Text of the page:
The Sun today launched a light-hearted Buzzfeed-style political website beyond its paywall.
SunNation.co.uk has its own URL and is a stand-alone site, separate from the main paywalled TheSun.co.uk site.
Buzzfeed has expanded heavily into UK politics, last November recruiting Sun Whitehall editor Emily Ashton to its team.
SunNation.co.uk launched yesterday with an exclusive video depicting a day in the life of Prime Minister David Cameron. A video crew followed Cameron for a day and he also wore a pinhole camera.
The site is designed to be viewed on smartphones and features lists and quizzes as well as more serious news and comment.
The SunNation.co.uk launch follows David Cameron giving an exclusive interview yesterday to Buzzfeed UK.
The Sun said in a statement: “SunNation will bring the creativity and humour of The Sun’s existing political content to shareable video, games, quizzes, interactive toys, lists, memes, opinion pieces, infographics, galleries and funny stories."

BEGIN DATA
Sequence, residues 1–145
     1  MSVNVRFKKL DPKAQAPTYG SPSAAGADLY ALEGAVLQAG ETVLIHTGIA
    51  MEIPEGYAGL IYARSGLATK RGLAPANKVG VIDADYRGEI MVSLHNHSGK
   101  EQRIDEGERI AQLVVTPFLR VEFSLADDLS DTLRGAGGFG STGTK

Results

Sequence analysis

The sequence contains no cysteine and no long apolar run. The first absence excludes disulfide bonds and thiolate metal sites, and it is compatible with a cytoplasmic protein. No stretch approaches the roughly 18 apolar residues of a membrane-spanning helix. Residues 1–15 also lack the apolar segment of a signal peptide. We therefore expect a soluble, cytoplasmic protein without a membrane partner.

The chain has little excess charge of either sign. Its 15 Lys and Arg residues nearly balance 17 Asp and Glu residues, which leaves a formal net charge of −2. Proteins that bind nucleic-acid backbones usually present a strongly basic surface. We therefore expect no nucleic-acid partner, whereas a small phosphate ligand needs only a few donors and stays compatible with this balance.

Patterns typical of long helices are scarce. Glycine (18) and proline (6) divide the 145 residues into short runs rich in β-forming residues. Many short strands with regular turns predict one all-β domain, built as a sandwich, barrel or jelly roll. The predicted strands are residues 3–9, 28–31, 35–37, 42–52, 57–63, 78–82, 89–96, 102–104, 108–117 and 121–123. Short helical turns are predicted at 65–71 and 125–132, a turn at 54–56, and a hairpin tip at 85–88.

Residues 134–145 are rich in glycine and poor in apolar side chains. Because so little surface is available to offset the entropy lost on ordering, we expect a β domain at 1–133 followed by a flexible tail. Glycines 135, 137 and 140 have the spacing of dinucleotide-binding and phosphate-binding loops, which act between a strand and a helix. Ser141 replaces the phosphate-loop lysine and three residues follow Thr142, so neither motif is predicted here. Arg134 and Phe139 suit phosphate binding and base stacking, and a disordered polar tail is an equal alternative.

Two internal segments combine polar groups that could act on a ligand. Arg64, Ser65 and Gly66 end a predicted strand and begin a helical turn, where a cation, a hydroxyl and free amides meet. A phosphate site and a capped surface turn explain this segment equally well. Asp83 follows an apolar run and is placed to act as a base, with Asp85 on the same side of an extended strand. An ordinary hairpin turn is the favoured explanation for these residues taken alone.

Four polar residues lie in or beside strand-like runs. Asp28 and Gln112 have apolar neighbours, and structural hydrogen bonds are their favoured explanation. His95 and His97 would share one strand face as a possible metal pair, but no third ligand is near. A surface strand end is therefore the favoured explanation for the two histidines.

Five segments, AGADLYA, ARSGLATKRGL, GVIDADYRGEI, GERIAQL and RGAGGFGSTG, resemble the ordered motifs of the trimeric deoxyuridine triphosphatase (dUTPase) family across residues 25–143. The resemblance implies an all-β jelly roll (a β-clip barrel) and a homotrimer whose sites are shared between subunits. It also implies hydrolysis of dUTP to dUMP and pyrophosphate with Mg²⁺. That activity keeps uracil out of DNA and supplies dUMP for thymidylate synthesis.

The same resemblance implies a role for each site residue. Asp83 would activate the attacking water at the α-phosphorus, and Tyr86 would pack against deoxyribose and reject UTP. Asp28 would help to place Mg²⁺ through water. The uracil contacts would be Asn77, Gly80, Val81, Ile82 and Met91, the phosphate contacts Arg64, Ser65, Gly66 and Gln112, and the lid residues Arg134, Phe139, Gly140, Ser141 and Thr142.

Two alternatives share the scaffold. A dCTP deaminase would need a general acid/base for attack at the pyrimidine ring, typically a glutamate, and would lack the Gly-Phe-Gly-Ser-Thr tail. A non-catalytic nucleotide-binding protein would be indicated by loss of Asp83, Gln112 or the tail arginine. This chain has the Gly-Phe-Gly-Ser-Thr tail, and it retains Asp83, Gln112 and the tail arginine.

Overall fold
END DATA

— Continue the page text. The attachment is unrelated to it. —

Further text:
Last August Sun sister title The Times launched a daily political email newsletter and website called Red Box, which was also outside its paywall.
Sun editor David Dinsmore said: “SunNation is an exciting new project for The Sun that offers us the chance to bring the paper’s witty and irreverent take on UK politics to a wider audience ahead of the General Election. Many try to copy The Sun’s unique style of reporting big events but very few match us. We’re confident SunNation will become essential reading for everybody interested in the outcome of May’s big vote.”
Dinsmore has long been an admirer of Buzzfeed’s approach to storytelling.
In November 2013 he said: “Buzzfeed is the best thing on the internet because it is The Sun on the internet. The way that they tell stories is brilliant. I do see them as competition and the way that they mix light and shade is very Sun-like.”
Since going behind an online paywall in August 2013 The Sun has slipped from being the most-read newspaper brand in the UK (in print and online) to fifth place – according to the National Readership Survey.
According to the NRS The Sun had around 1m UK digital-only readers in November 2014 versus around 13m for the Daily Mail.
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